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 News Briefs

NEWS BRIEFS Mar-10-2010

By Catholic News Service


100 traditionalist Anglican parishes seek to join Catholic Church

ORLANDO, Fla. (CNS) -- About 100 traditionalist Anglican parishes in the United States have decided to join the Catholic Church as a group. Meeting in Orlando, the House of Bishops of the Anglican Church in America voted to seek entry into the Catholic Church under the guidelines established in Pope Benedict XVI's apostolic constitution "Anglicanorum Coetibus" ("Groups of Anglicans"), said a March 3 statement. The Anglican Church in America is part of the Traditional Anglican Communion, a group of churches which separated from the worldwide Anglican Communion in 1991. The Traditional Anglican Communion claims 400,000 members worldwide. The request means the 100 Anglican Church in America parishes will ask for group reception into the Catholic Church in a "personal ordinariate," a structure similar to dioceses for former Anglicans who become Catholic. Churches under the personal ordinariate can retain their Anglican character and much of their liturgy and practices -- including married priests -- while being in communion with the Catholic Church. Archbishop John Hepworth of Australia, primate of the Traditional Anglican Communion, and Father Christopher Phillips of Our Lady of the Atonement Parish, an Anglican-use Catholic church in San Antonio, attended the meeting, according to the statement. The Anglican Church in America is the third group of Anglican churches to respond positively to the Vatican's invitation.

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Anglicans' formal bid to join Catholic Church seen as 'starting point'

WASHINGTON (CNS) -- Although leaders of the Anglican Church in America have formally sought to join the Catholic Church, "we still have a number of questions" about how it would work, said the traditionalist denomination's spokesman. "What we Anglicans are looking for is full sacramental unity," said the Rev. Jeffrey Monroe, Anglican Church in America communications director, in a March 9 telephone interview with Catholic News Service from Conway, N.H., where he is vicar of a parish. The priest also serves as a maritime chaplain for the denomination. "For Anglicans, what is important is that we maintain our rites," Rev. Monroe said. "It is important to us that we maintain our practices, our scriptural focus." The House of Bishops of the Anglican Church in America voted for their parishes to seek entry into the Catholic Church as a group under the guidelines established in Pope Benedict XVI's apostolic constitution "Anglicanorum Coetibus" ("Groups of Anglicans"), said a March 3 statement. "It's a starting point for all of us, which is very important," Rev. Monroe said. "We are now anticipating further conversations, which we are working our way to. The Roman Catholic Church needs a process just like we did."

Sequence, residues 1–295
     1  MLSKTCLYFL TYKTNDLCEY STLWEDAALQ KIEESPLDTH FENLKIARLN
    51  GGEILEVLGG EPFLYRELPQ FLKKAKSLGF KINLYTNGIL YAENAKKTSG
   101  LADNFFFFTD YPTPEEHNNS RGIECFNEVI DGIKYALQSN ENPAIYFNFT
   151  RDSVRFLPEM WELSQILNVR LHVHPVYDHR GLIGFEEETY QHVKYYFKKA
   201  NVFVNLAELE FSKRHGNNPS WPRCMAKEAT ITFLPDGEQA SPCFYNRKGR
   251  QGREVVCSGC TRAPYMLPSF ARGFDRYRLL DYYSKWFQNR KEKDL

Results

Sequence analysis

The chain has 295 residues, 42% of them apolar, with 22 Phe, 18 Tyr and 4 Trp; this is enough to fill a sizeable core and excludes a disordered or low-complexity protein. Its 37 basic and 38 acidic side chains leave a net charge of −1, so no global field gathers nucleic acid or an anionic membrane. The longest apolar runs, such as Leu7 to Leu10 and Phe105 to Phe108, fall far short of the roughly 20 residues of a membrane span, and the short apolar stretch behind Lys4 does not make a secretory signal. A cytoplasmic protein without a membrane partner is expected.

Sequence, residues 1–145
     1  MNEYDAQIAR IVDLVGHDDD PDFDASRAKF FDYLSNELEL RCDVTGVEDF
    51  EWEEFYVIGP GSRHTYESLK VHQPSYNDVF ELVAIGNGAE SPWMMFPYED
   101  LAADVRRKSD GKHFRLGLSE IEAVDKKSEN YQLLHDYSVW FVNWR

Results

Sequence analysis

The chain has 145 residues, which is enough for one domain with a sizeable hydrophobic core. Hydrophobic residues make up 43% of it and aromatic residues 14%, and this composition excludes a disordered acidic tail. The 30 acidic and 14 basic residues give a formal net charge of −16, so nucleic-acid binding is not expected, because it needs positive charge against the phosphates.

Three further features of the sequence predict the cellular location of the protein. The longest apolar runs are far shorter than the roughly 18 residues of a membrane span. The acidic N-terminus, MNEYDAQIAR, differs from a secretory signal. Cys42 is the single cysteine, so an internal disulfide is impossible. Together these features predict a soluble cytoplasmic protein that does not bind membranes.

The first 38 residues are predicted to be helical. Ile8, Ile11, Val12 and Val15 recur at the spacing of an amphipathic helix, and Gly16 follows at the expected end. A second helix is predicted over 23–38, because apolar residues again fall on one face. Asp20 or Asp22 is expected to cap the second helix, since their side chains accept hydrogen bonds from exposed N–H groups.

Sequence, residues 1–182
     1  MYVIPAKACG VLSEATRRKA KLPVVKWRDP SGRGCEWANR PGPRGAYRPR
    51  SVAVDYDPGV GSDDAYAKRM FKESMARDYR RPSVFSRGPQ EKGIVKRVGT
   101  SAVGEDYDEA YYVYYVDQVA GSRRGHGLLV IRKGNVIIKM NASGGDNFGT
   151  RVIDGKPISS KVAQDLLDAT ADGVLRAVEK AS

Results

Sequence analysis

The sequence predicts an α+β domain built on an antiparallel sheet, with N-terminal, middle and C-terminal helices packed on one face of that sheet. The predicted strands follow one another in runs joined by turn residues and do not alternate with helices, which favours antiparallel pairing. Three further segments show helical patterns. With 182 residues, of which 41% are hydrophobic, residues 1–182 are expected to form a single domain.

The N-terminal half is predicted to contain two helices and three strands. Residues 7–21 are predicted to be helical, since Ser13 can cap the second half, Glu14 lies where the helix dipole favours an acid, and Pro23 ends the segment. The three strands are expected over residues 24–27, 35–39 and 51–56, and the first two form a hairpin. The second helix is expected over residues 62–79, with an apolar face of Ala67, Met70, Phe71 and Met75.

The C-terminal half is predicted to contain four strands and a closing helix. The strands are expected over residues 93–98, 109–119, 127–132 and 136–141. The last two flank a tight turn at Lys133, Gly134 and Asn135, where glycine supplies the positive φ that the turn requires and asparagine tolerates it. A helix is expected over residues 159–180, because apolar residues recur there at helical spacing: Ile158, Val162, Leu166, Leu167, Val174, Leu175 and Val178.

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There's an 'app' for that: iPhone applications devised for Catholics

WASHINGTON (CNS) -- In a world that boasts continual technological change, the iPhone by Apple has gained near-iconic status. Even Apple boasts there are more than 140,000 applications -- or "apps," in Apple-speak -- that users can obtain for their phones. It only follows that there would be some clever Catholics who have devised apps to bolster people's faith. Dave Brown of Bend, Ore., invented a virtual rosary-beads app as a sign of thanksgiving after doctors found a successful bone-marrow match for his kindergarten-age daughter in 2008, curing her of her leukemia. Brown and his wife, Jackie, prayed the rosary frequently through their daughter's treatment, even though one parent was in Bend keeping the home fires burning while the other stayed with the desperately ill girl in Portland, Ore. How? With iPhones that Dave Brown bought so they could talk and send photos and video. An information technology manager at a window and door company, Dave Brown used his know-how to design an iPhone app that allows the user to pray the rosary. The small screen has animated beads that can be moved with a touch. Corresponding prayers pop up on the screen, along with devotional images. Brown told the Catholic Sentinel, Portland's archdiocesan newspaper, that within a year of its introduction, more than 20,000 sales of the app had been recorded. The Browns decided to keep the price low -- 99 cents -- to get as many people as possible praying. A similar rosary app, known as the Prayer Beads App, was designed by Premier Christian media in England in advance of Pope Benedict XVI's visit to Great Britain later this year and made available in March through Apple's online store. In California, the Riverside Press-Enterprise daily newspaper reported that a San Bernardino priest will use an iPhone app to deliver daily inspirational video messages. Divine Word Father Michael Manning, who hosts a show on cable television's Trinity Broadcasting Network, will make his iPhone debut in April.